How Windows 10 reveals a more emotive side to Microsoft’s marketing

As Microsoft prepares to launch Windows 10 tomorrow (29 July), Marketing Week caught up with its corporate vice president of global advertising and media, Kathleen Hall, on how the marketing for the new operating system reveals the tech giant’s shift to a consumer rather than a product-led approach and shuns the “sameness” prevalent in the tech market.


At midnight tonight (29 July) Microsoft will release Windows 10, its new operating system. It includes a new browser Windows Edge, universal apps that run across devices including phones, PCs and Xbox, and the wider availability of voice command tool Cortana – among other key revamps and upgrades.

An accompanying ad titled “The future starts now” shows how children won’t need to “remember passwords” or “obsess about security” because they will grow up with Windows 10.

It is evidence of a move toward emotive advertising for the tech company and a move away from “falling in love with its own stuff”, according to Hall. She said the launch is “about what Windows 10 represents to people in terms of their potential and how they can achieve the things they want to achieve”.

Presenting the potential of Windows 10 to people externally also prompted changes internally at Microsoft under CEO Satya Nadella, who was appointed in February last year. Nadella sees the launch as a way to solve some of the problems of the past and to ensure Microsoft returns to being an innovative and creative company.

Marketing Week caught up with Hall on how the Windows 10 campaign is aiding that mission towards innovation, how it raised the profile and importance of marketing at Microsoft and why Nadella has been key to that change, and how the campaign shuns the “sameness” of other tech launches.

What has been the focus in the run up to the launch of Windows 10?

Culturally at Microsoft we are really focusing on our new vision, mission and new CEO. That is a big part of the focus internally so the continued quest for innovation and innovative products, things like [virtual reality product] HoloLens, will continue.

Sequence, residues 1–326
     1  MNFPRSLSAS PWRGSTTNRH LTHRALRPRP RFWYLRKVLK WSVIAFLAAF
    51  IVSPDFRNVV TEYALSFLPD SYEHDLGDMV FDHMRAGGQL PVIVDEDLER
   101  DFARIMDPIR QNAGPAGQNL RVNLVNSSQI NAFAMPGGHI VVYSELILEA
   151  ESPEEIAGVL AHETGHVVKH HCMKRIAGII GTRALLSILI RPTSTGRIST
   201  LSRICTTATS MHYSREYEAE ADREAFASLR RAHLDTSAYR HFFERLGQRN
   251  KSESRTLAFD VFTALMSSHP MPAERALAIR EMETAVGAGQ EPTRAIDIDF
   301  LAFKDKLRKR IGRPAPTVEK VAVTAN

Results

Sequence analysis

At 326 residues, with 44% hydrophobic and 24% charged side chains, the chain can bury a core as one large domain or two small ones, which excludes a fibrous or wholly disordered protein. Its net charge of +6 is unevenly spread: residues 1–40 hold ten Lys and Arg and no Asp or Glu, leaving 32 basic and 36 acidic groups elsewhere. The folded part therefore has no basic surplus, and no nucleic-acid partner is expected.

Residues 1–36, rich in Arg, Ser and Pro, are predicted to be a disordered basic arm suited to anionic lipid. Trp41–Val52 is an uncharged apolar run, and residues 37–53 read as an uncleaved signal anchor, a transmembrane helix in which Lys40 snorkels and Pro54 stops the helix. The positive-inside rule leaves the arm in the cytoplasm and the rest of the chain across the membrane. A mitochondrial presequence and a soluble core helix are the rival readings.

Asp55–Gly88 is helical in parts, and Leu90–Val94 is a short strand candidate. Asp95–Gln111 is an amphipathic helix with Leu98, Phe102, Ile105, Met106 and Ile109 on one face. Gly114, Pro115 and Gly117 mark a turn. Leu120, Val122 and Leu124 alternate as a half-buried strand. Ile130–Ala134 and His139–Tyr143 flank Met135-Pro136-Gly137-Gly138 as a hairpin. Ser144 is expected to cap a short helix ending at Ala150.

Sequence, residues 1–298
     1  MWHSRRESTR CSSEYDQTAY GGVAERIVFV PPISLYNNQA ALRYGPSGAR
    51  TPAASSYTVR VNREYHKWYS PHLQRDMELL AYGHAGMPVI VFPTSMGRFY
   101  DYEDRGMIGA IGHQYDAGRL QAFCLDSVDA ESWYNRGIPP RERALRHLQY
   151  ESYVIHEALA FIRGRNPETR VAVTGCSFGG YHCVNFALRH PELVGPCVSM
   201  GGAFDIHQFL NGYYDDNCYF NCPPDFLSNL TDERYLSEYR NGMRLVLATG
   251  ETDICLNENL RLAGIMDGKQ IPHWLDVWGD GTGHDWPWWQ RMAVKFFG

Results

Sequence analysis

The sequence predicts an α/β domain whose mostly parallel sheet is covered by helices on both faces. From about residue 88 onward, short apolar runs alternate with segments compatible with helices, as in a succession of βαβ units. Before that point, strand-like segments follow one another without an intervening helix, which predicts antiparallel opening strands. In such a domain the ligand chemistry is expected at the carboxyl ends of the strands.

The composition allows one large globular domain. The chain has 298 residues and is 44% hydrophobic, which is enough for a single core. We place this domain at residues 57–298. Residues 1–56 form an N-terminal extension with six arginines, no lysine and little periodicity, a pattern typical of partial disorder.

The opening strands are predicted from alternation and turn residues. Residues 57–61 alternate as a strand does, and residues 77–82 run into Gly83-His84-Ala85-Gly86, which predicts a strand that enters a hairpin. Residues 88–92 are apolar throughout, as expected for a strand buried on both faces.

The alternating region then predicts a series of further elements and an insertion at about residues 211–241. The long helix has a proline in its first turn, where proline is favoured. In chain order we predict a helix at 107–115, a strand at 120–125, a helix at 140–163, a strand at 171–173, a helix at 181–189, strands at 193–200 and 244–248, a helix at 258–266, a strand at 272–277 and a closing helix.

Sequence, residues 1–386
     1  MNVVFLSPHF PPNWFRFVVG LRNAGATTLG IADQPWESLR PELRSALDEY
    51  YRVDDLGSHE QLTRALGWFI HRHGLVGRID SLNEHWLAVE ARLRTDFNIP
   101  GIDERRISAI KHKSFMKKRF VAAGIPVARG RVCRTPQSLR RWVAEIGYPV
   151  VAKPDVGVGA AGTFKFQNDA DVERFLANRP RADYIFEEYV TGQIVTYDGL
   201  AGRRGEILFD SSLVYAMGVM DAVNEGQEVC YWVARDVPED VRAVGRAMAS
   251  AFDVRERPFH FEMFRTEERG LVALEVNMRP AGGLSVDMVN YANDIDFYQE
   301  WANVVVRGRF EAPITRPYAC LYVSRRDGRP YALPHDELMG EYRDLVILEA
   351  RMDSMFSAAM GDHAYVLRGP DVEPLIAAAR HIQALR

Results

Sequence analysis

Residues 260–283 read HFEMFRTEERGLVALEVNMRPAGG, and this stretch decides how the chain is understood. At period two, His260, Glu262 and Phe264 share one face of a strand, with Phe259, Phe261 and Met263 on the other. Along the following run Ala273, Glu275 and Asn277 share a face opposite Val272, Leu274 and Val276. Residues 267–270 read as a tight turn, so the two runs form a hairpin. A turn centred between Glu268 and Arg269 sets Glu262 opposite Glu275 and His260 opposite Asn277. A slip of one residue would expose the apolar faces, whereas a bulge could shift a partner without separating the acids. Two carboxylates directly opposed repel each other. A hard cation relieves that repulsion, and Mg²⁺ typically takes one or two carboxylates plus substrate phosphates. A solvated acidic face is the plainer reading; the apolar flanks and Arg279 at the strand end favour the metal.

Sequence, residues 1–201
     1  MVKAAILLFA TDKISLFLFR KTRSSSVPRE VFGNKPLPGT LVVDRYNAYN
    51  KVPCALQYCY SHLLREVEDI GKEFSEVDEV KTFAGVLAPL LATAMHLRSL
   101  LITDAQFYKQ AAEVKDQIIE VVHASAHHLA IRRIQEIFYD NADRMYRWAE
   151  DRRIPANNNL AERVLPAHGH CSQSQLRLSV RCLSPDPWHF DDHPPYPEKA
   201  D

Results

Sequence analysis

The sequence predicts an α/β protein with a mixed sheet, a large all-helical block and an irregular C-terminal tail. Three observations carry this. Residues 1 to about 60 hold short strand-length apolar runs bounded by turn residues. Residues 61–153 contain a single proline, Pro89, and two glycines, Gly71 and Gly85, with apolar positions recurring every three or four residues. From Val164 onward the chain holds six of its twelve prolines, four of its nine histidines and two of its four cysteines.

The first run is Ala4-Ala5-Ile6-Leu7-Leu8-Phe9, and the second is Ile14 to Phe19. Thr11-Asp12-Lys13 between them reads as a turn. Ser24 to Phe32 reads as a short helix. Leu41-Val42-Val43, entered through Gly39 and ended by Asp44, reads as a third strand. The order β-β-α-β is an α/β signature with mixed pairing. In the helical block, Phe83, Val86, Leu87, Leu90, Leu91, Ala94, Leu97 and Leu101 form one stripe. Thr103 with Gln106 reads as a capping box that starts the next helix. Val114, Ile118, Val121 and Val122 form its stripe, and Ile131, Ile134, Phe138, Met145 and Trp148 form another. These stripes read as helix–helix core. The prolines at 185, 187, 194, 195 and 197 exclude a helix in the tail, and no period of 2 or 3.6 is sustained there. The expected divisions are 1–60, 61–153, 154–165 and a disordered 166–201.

Is it hard to focus on the culture as well as having the pressure of Windows 10 coming out?

You would think so but it’s about practising what you preach as you go along and there has been a lot of effort. Satya [has] a different style of leadership, a different approach to things, and in every meeting even under the stress of launch we are trying to instil the new values and approach.

There will be more listening versus talking and more inclusive and diverse opinions including marketing, which is great in an engineering driven company.

What has driven the change in including marketing in decision-making?

It has been a big part of the evolution at Microsoft and one of the reasons I was attracted to the job was the recognition that marketing plays a significant role in how people perceive and adopt products. Microsoft recognised that and became more marketing orientated, fighting the engineering DNA and realising it’s an important part of success in the market place.

“Being better storytellers and being more human is a big part of the new culture.”

Kathleen Hall, corporate vice president global advertising and media, Microsoft

How is the Windows 10 campaign different from Microsoft’s past strategy and what channels are you focusing on?

We used to fall in love with our own stuff sometimes and talk about features without talking about what it means to people and that is a lesson that we have learned. It’s not about us it’s about the people that use our products.

You can expect a more emotional approach and to be about our consumers and what they do with our products and not about us and the shiny things we make.

The campaign is multimedia because we still see a place for a rich media mix and the value of each media type doing different things for us. Within digital, we have shifted a little bit, we are away from the standard banner type experiences and more into rich media and mobile, especially as it takes a big role in the shopping process.

How do you differentiate from competitors’ tech launches?

It’s really hard to differentiate, you see a lot of product-centric advertising in our category, beautiful, rich and almost car-like product shots, I think that worked for a while but there gets to be a sameness in the market.

You always need to change it up because you need to do what is right for the category. A lot of us are working off the same research, so what sells and what doesn’t, but [you have to] present it in a way that is unique and different. We are always looking for the next way to do that.

Is there any change in the target market you are trying to reach with the new operating system?

The thing with Windows is we are so pervasive, we have a billion users so it is hard to say there is a target market. It is important for Windows 7 users to upgrade to 10 because it’s the platform that will take them forward in a lot of ways, it’s an integration of the touch interface and type interface, it’s a new browser experience. It’s a broad appeal.

Windows 10 is the entry way to all of the things that are Microsoft going forward, such as getting the HoloLens experience and the new browser Microsoft Edge. You have to be on it to get all the goodies in the kingdom.



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